Published: 2008-06-30 08:59:28
Updated: 2008-06-30 08:59:28
Posted June 30, 2008
By Mike Moss
The deluge I'm talking about happened Sunday evening into Sunday night across roughly the northwestern third of our viewing area, with surface rainfall reports along a band from around the Triad into the northern Coastal Plain running in the 1-4 inch range, and radar estimates (see attached image) in good agreement with those readings. On the other hand, the showers and storms offered up relatively little rain south and east of a line from about Rocky Mount to Clayton to Southern Pines. So much rain in a short time will tend to help surface water supplies (rivers and reservoirs) a bit more than groundwater levels, but everything helps and this may go a ways toward preventing a worsening of drought conditions in the short term. Streamflows have been very low across central and western NC in recent weeks, but it's interesting to see how some streams are responding to the heavy rains last night. The second image attached, from the U.S. Geological Survey, shows a rapid increase in the flow rate (from about 1 cubic foot per second to over 30 in a matter of a few hours) of the Tar River in Granville County, but also shows how the river has been flowing well below the median rate indicated by the triangles on the graph. A similar spike is seen in the Eno River near Durham, but illustrated with the water level instead, which shot up from about 1 foot to almost 5, though it has already started to subside as the rapid runoff abates.
We have a chance at some more thundershowers later today, although coverage is tough to call because of competing effects of drier air aloft working its way into the area from the southwest, which would tend to make showers and storms less numerous, and an approaching upper level trough to our west, which would work in favor of forming some lines or clusters of activity.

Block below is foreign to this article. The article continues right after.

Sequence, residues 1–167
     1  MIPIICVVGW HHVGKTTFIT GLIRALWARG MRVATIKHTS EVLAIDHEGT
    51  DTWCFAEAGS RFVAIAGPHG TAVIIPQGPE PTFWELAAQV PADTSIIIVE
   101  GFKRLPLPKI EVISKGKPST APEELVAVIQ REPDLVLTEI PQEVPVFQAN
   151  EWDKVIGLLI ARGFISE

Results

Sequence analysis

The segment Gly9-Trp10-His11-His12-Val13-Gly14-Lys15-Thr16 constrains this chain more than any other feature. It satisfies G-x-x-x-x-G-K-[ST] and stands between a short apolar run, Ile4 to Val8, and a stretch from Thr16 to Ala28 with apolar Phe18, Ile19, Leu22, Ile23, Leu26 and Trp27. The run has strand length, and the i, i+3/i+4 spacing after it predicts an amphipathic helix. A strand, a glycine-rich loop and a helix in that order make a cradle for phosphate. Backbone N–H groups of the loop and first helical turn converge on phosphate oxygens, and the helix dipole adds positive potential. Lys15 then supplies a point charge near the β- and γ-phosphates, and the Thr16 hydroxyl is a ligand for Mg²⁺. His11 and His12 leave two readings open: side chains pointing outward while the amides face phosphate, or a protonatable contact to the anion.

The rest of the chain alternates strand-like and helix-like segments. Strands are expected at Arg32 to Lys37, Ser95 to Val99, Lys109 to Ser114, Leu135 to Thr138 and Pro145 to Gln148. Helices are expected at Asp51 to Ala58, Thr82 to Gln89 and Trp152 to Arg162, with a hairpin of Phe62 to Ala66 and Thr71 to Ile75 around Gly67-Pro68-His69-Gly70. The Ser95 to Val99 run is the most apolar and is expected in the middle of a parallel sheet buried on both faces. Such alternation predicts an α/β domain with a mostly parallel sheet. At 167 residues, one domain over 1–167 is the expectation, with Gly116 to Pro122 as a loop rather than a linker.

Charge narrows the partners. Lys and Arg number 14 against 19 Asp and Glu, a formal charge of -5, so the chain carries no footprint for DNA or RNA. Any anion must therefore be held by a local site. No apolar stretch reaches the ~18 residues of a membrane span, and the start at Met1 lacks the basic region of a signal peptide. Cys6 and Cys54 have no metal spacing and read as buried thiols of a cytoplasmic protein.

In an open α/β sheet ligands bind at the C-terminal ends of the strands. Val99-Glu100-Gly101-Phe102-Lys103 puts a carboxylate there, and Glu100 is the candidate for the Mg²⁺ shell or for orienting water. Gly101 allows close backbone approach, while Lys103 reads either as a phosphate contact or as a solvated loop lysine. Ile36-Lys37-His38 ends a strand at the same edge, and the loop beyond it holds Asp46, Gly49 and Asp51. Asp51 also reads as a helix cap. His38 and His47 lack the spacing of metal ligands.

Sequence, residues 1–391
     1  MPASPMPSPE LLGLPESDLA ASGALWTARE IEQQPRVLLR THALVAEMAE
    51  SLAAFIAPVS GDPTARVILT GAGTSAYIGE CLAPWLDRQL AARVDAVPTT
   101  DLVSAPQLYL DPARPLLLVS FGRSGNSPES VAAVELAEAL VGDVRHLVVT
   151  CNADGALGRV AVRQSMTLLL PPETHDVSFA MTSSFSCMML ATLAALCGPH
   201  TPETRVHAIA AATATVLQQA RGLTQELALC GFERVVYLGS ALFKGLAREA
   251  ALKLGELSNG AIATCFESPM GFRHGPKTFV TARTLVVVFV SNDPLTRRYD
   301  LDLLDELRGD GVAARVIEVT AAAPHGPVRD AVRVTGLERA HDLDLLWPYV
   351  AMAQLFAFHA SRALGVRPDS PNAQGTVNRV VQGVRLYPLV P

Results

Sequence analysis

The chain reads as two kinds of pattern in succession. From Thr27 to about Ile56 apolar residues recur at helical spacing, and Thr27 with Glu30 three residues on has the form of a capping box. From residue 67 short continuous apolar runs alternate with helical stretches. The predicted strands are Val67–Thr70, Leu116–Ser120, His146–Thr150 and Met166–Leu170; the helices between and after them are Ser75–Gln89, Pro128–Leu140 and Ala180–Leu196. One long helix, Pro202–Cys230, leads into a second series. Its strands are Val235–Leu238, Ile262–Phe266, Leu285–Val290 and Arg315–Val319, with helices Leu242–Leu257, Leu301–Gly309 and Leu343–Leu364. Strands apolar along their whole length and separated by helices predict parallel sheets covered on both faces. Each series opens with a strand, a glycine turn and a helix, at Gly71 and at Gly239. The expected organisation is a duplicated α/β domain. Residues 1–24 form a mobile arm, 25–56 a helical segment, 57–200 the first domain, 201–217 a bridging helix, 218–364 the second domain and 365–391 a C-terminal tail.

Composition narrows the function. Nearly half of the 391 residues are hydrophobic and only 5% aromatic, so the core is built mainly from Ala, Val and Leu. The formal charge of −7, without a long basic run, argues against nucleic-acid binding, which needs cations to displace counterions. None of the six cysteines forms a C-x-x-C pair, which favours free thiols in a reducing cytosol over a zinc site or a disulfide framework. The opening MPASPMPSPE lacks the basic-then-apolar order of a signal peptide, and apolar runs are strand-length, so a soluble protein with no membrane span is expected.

Once that trough moves a little to our east later tonight , the main weather feature for the next two or three days will be a surface center of high pressure pushing in from the west. That system should bring lots of sunshine, temperatures that are a little cooler than the past several days, and perhaps most noticeably, a substantial drop in humidity. In fact, it wouldn't be out of the question to see dew points that have been in the mid 60s to near 70 at times over the past few days drop into the low 50s or even upper 40s by Wednesday (very low humidity for early July!) before we turn more muggy again toward the holiday weekend.
The character of that weekend also remains in some question at this point, as subtle differences between the two main medium range forecast models could make for a substantial difference in the weather that results. Both the Global Forecast System (GFS) and European Center (EC) models show a frontal boundary laying out along an east-west line and stalling across the eastern U.S. late this week and into the weekend, but the GFS stalls it right across our state, which would bring an increased chance of showers and storms, more cloud cover and temperatures in the 80s to around 90, while the EC stalls the front farther north, leaving our state with more sun, just a few isolated late day storms, and hotter temperatures in the 90s. It's a bit soon to favor one over the other (or some third alternate solution) as most likely to be more accurate - hopefully we'll have a convergence of solutions by midweek that will allow a more confident weekend forecast.